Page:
Thanks, again.

Dear reader,

I’m going to be very honest here. I started this blog last summer as a way of coping with my depression. As I graduated college, I was so unbelievably sad. On what was supposed to be the happiest day of my life thus far, I was so, so, sad. And maybe it didn’t show, but maybe that was part of the problem.

My first post was called The Plan To Happiness, and in it I discussed the feelings I had toward my life prior to graduating college and how much that changed after. I thought I had it all, I thought my plan was working. I had a million friends, a beautiful family, an internship I was crazy about, the beginnings to a writing career, and a boyfriend I had been with forever. Like I said, I really believed I had it all. The only thing that was missing was my happiness, and until I came out of my denial – I would have lied and told you I had that too.

The truth is, I was absolutely miserable. It was like the red flag they warn you about in a bad situation, except it was planted in my gut.

So what did I do? Over the next 12 months, I shed every bit of that bullsh*t plan to being happy. I started my life all over. If you want to know more about that, feel free to read the rest of my blog. But I’m going to cut to the chase.

Growing up I was the easiest going, free-spirit you’d ever known. And come graduation day, that girl was so far out of reach – she was a distant memory. I sit here now and I look back and I do not even recognize the person I was a year ago. I was lost, insecure and so unbelievably scared of my future. So within a matter of months, I quit my job in the city with 0 plan and booked a trip to Europe. It sounds so cliche and glamorous – I promise you that was the furthest thing from what I felt.

What I felt was that everyone else had it together but me. I thought I had made a huge mistake. Should I have quit my job? Should I have not moved back home after college? Should I have taken that other job? Should I have stayed with my boyfriend? Should I just forget about this writing sh*t and look for something that will actually make me money? These were the things that would keep me up for months, and I couldn’t take it. The feelings were unbearable and most days I would just end up in tears.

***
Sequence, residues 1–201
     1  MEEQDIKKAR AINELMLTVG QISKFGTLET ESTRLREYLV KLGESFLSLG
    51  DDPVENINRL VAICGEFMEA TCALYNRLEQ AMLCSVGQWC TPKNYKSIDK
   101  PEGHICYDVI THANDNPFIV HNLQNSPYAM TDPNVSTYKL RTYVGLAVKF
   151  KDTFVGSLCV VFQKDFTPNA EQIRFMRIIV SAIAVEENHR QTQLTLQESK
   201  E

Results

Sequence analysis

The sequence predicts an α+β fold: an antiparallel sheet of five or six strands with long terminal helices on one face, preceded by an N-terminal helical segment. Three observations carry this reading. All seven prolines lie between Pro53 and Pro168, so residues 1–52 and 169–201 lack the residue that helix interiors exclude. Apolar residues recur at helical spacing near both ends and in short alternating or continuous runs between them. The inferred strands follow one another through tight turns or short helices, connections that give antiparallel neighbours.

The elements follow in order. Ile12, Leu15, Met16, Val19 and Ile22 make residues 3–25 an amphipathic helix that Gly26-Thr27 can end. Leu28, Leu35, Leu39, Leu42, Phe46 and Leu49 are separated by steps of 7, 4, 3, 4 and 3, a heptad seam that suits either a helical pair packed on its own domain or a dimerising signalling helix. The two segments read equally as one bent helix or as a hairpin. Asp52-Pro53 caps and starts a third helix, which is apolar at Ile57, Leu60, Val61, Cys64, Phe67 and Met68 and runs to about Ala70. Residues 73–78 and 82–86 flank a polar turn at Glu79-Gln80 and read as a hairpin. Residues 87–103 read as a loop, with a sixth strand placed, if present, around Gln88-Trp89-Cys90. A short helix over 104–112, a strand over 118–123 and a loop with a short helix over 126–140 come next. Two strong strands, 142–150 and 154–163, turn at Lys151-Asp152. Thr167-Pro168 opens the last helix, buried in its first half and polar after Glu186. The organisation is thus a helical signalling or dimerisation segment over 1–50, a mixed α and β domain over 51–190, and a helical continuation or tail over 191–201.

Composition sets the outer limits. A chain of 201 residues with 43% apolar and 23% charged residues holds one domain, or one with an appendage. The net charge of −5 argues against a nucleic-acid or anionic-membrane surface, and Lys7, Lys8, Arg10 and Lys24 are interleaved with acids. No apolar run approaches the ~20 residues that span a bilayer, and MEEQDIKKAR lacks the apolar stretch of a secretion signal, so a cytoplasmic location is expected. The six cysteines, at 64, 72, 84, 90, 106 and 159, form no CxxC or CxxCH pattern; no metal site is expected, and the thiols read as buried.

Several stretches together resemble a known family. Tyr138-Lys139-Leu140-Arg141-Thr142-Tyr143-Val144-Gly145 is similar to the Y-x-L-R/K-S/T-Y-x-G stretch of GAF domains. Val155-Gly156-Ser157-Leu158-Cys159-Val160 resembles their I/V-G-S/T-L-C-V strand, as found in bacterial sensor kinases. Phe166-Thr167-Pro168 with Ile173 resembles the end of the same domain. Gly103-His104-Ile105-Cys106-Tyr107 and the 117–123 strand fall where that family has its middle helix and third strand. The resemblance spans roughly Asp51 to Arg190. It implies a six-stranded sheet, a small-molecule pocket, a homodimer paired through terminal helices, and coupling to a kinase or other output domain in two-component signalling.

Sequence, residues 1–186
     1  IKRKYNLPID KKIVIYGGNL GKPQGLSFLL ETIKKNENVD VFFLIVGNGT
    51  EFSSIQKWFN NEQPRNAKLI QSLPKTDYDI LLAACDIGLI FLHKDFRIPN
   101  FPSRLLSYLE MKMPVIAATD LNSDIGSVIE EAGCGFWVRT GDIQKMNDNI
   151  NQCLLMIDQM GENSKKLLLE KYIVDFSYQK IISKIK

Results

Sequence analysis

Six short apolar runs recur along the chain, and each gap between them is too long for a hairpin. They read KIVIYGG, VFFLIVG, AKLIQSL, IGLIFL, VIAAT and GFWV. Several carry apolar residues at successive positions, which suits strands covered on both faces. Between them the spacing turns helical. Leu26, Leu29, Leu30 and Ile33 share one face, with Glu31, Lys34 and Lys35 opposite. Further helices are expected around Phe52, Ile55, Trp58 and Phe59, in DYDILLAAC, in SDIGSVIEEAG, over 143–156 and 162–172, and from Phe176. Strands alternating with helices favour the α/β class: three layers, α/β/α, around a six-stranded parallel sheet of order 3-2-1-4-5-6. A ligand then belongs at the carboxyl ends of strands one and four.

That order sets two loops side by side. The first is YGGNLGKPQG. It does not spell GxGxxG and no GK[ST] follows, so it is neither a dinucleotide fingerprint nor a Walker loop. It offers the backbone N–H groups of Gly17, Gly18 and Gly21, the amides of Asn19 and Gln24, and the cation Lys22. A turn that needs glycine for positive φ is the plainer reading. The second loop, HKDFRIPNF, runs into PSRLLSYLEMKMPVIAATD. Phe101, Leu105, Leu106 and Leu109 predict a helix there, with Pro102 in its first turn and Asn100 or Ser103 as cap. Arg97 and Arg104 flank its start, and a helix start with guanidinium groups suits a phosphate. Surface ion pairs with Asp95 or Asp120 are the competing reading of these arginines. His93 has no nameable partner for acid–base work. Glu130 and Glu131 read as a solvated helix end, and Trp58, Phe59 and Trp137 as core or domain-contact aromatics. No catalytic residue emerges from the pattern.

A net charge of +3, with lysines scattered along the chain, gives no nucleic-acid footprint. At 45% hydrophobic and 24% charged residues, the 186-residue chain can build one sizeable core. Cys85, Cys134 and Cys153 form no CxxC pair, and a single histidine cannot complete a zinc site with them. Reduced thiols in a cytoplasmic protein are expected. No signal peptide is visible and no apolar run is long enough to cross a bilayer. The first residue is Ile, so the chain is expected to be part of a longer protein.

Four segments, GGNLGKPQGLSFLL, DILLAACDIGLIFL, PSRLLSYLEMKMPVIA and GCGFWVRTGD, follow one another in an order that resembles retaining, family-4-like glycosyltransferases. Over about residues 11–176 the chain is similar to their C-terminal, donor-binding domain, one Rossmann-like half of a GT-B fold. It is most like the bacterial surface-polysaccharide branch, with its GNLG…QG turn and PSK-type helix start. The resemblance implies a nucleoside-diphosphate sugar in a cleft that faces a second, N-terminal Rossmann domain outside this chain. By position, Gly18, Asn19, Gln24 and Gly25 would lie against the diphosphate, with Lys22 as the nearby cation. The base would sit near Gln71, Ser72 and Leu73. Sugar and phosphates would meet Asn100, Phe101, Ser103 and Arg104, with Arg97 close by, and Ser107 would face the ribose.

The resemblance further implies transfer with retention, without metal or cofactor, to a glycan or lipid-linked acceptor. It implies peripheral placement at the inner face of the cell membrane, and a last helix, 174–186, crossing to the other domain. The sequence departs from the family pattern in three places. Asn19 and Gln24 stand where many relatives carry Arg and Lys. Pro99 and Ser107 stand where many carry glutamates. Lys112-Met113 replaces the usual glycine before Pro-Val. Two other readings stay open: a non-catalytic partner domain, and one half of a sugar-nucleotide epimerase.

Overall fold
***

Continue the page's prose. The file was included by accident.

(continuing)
It wasn’t until I applied to grad school and got into my masters program that I felt this burden go away. I finally spent those two weeks in Europe and two months later I landed a paid-freelance writing position. Looking back, it felt like all those things had to leave my life in order to make room for something bigger and greater. And although those experiences and opportunities before were so difficult – I understand why.

And that is because for the first time in about 5 years, I feel like myself again. I feel ok in my skin, I feel ok with who I am, and I feel confident in the decisions I made a year and a half ago because I wouldn’t be where I am right now in this moment without them. And this moment is filled with clarity and truth, this moment is filled with gratitude.

So what I want to say is thank you to every single person who has read my writing and reached out to me over the last year with not just words of encouragement, but words of gratitude to me for putting my life out there. I started this blog to learn how to be transparent and honest with myself, I never had any idea that people would be messaging me asking for advice or telling me I impacted them. And I seriously don’t even know what to say except, thank you. In so many ways you are the reason my life feels like my own again. You’re the reason I realized my passion for using my words to help others and you’re the reason I am now pursuing my career in social work.

They say the only place you can go from rock bottom is up – I’m here to tell you that is the absolute truth if you let it be. Falling in love isn’t for boys, it’s for yourself and for your life. Picking the “right” career isn’t about doing what will make you the most money, it’s about doing what makes your heart full every single damn day.

And most importantly: Being happy has nothing to do with a plan, but everything to do with doing exactly what you want.

So thank you from the bottom of my heart,

Irene

 

 

 

 

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